We note that, currently, only PFMs that satisfied the “3+3+1” requirements are able to provide investment advisory services for privately-raised asset management products offered by securities and futures operation institutions or their subsidiaries, privately-raised wealth management products offered by bank wealth management subsidiaries, or privately-raised securities-type investment funds. Of note, the consultation paper of the QFII and RQFII regulations released earlier this year also included the proposal to allow onshore private fund managers to provide investment advisory services to their affiliated QFII/RQFIIs.
According to our observation, providing investment advisory services is an important part of the WFOE PFMs’ business; it remains to be seen how Chinese regulators will allow such PFMs to extend their investment advisory services to other foreign or domestic institutional investor clients in addition to those products or institutions specified above.
2.3 “Yi Can Yi Kong” and Converting PFMs to FMCs
At the recent “Lujiazui Forum” and in the China Security and Regulatory Commission (CSRC) follow-up media Q&A, the regulatory authorities emphasized that the “Yi Can Yi Kong” equal treatment principle should also apply equally to both domestic and foreign shareholders. A foreign investor can invest in no more than two FMCs, of which just one can be majority-owned by that foreign investor. The Policy Outcomes addresses the topics of “Yi Can Yi Kong” and “converting PFMs to FMCs” in the same section, which suggests that there is some consideration being given to foreign institutions’ preference to set up wholly or majority-owned FMCs, in addition to any existing minority-owned joint venture FMCs and/or WFOE PFMs.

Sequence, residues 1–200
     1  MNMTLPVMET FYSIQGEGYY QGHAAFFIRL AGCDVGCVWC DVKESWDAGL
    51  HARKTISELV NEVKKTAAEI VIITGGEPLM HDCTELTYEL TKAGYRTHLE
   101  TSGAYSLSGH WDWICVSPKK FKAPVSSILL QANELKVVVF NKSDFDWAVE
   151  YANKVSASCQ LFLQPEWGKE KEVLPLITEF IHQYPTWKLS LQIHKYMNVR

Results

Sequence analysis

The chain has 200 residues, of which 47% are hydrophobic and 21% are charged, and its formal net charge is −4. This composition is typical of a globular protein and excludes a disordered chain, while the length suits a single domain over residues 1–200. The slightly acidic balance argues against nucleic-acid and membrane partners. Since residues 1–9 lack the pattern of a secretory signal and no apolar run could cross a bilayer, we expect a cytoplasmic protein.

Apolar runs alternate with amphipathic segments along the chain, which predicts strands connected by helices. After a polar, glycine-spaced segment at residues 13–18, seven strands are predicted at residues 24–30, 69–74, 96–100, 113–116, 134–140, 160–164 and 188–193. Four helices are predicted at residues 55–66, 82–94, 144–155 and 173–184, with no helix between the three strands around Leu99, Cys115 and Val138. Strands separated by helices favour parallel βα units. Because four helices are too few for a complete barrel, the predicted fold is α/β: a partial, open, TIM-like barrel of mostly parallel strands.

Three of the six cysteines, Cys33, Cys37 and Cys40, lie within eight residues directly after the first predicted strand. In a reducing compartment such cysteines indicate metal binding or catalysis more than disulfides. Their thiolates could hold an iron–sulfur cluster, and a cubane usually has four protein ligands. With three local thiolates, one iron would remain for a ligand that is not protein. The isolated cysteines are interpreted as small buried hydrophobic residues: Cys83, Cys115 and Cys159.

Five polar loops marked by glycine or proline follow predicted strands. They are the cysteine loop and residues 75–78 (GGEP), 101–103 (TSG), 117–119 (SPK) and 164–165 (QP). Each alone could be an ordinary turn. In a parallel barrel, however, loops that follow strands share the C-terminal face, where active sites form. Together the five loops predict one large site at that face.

In practice, any local PFM that has converted to an FMC has done so by first establishing a new entity which applies for the FMC license, and then integrating their existing private fund management business into this new entity. However, converting their business in this manner has proven to be somewhat cumbersome and the reference to a “continuity of business” mentioned in the Policy Outcomes suggests that the Chinese regulators may be considering introducing more convenience to undertake this changeover from PFM to FMC.